Preserved M79018 at Wirksworth (a Class 122 to the left)

Another view of M79018

[1] Brian Haresnape, Diesel Multiple Units: The First Generation (Ian Allan, 1985) p. 22
[2] Colin J Marsden, DMU and EMU Recognition Guide (Ian Allan, 2013) p. 26
[3] Colin J Marsden, Departmental Stock (Ian Allan, 1984) p. 28

Tuesday, 14 February 2017

Class 58

Following the conventional Class 56 heavy freight locomotive British Rail went much more radical for the next design. The Class 58 dispensed with a lot of traditional British monocoque locomotive building practice with the aim of producing a highly exportable locomotive. It had a modular design with the main structural load bearer being the underframe with major components fitted to the frame[1]. The design made the Class 58 around 14% cheaper to build than the 56 [2].

Number built: 50
Built: 1983-87
Builder: BREL Doncaster
Engine: Ruston Paxman 12RK3ACT diesel
Power: 3, 300 hp (2, 460 kW)
Wheel arrangement: Co-Co

The Class 58 also followed common US style in that it dispensed with a walkway through the locomotive, the body being narrower than the cabs. This was done because of the space problems with the Class 56 trying to fit a larger engine into what was essentially a Class 47 shell. The bonnet design has access doors all along the side[3]. In the event no export orders were received and only 50 were built (as opposed to 135 Class 56s), the last Class 58 was also the last diesel locomotive to be built at BREL Doncaster.

The Class 58 was built for heavy coal trains though also could be seen on other freight types. Most Class 58s were withdrawn at the turn of the millennium, surplus to requirements as the Class 66 began to arrive in numbers. While a small number have been scrapped most of the class has seen further use in the 2000s on the continent especially in France working on TGV construction though some of these have now returned home or been put into storage both home and abroad [4].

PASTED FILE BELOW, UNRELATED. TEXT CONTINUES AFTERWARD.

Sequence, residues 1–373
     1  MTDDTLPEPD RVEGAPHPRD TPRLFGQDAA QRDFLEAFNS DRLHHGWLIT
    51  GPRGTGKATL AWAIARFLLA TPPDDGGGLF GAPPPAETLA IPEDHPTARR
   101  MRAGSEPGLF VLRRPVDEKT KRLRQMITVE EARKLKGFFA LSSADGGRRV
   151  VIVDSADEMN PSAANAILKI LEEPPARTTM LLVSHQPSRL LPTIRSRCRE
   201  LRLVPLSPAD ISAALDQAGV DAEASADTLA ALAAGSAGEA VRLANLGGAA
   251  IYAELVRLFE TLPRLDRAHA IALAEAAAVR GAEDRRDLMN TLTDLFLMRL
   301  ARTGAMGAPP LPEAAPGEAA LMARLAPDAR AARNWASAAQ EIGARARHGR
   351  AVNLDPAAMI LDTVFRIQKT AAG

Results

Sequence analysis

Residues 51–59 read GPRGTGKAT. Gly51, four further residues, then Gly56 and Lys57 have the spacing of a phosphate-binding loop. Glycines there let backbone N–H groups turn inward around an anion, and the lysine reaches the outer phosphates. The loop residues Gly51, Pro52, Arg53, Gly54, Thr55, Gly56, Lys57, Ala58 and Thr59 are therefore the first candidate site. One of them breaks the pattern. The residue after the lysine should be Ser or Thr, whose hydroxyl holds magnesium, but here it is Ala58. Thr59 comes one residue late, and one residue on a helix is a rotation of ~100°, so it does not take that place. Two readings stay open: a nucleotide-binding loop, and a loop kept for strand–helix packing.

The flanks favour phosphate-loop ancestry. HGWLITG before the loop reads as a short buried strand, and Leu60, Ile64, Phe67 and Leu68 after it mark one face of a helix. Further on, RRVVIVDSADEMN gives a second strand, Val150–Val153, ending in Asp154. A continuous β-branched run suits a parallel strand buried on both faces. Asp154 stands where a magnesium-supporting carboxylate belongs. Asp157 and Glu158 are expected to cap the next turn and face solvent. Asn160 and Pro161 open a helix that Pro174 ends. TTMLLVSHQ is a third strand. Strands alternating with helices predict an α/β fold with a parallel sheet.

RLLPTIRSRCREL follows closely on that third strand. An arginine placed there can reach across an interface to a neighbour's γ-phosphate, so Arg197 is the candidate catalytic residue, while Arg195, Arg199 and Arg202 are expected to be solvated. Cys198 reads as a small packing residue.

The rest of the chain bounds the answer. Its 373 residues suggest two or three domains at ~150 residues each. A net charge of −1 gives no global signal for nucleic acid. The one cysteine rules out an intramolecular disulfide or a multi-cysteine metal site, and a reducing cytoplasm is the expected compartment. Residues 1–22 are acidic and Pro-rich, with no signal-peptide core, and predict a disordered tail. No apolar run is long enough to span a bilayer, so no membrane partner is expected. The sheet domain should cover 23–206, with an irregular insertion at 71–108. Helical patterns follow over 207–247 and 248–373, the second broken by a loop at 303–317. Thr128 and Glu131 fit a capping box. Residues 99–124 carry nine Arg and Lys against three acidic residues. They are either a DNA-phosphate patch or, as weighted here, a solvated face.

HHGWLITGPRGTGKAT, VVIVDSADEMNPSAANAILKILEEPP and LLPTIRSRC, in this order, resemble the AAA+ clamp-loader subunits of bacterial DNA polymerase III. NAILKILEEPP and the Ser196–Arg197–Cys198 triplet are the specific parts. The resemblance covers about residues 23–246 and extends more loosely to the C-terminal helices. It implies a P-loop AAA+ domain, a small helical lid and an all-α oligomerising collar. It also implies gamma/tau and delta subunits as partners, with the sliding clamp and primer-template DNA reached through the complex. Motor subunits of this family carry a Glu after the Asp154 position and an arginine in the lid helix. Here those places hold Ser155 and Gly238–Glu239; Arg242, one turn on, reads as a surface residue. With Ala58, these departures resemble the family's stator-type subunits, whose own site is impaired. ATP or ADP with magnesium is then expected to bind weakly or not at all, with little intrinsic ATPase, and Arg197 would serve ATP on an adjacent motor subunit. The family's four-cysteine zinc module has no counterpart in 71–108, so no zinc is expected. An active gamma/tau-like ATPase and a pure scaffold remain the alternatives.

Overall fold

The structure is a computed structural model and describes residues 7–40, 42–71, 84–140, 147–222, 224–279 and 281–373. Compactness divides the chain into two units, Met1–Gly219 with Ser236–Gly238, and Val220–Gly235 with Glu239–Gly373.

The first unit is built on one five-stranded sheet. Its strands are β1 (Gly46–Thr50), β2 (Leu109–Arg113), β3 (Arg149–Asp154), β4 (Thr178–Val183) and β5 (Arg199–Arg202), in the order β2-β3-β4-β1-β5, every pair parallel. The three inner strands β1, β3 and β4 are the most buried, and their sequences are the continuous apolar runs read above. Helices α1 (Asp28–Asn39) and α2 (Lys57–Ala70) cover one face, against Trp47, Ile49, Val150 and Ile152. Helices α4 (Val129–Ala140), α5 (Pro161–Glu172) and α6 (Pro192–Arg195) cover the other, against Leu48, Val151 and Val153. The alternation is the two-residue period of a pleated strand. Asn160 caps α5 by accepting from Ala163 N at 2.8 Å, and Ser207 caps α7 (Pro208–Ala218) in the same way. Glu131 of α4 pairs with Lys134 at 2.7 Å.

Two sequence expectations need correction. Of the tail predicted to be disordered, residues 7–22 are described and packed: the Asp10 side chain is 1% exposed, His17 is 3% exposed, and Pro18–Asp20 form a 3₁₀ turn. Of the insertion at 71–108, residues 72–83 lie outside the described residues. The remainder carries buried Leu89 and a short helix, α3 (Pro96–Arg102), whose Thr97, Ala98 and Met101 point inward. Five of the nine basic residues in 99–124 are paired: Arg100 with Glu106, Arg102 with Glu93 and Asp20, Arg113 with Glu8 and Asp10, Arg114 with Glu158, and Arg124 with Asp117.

One Class 58 (58 022) will be used to help create a replica of the pioneer LMS diesel locomtive 10000.
58 007 at Bescot 1985, photographer unknown

58 022 at Rowsley South

58 022 will be used to build a replica LMS 10000 class diesel locomotive

[1] Colin J Marsden, Motive Power Recognition: Locomotives (3rd Edition) (Ian Allan, 1988) p. 92
[2] Brian Harsenape, Production Diesel Electrics Types 4 and 5 (Ian Allan, 1984) p. 80
[3] Barry Edwards, Class 58s: Their Development and Introduction (Link Rail, 1984) p. 6
[4] Colin J Marsden, Traction Recognition (Ian Allan, 2011) p. 58

Tuesday, 7 February 2017

Plasser and Theurer 08 Series Tamper

A good number of tampers are used by Network Rail and various contracted companies to "tamp down" or pack the ballast under the tracks to maintain a stable bed, and of course help keep the rails where they are supposed to be[1]. Plasser & Theurer make many of the tampers in service today. The 08 series being the successor to the 07 series which were used in large numbers across the UK.

Information for 08-16/4x4 C100 RT
Number built: 14
Builder: Plasser & Theurer
Power: 496 hp (390 kW)

The 08-16/4x4 C100 RT is a familiar type on British rails, the 16 in the name stands for 16 tamping tools which are arranged in 4 units of 4 tools each[2]. The C100 stands for its top speed in km/h and that it is a compact machine without a trailer. A number of other tampers are also used for switches and crossings such as the 08-4x4/4S.
Colas DR 73922 (08-16/4x4C80 RT) at Crewe

Colas DR 73908 (08-4x4/4S RT) at Derby

[1] "How is tamping performed?" <>
[2] "08-16 4x4 C100-RT" <>

Friday, 3 February 2017

Class 43 (HST) [Updated]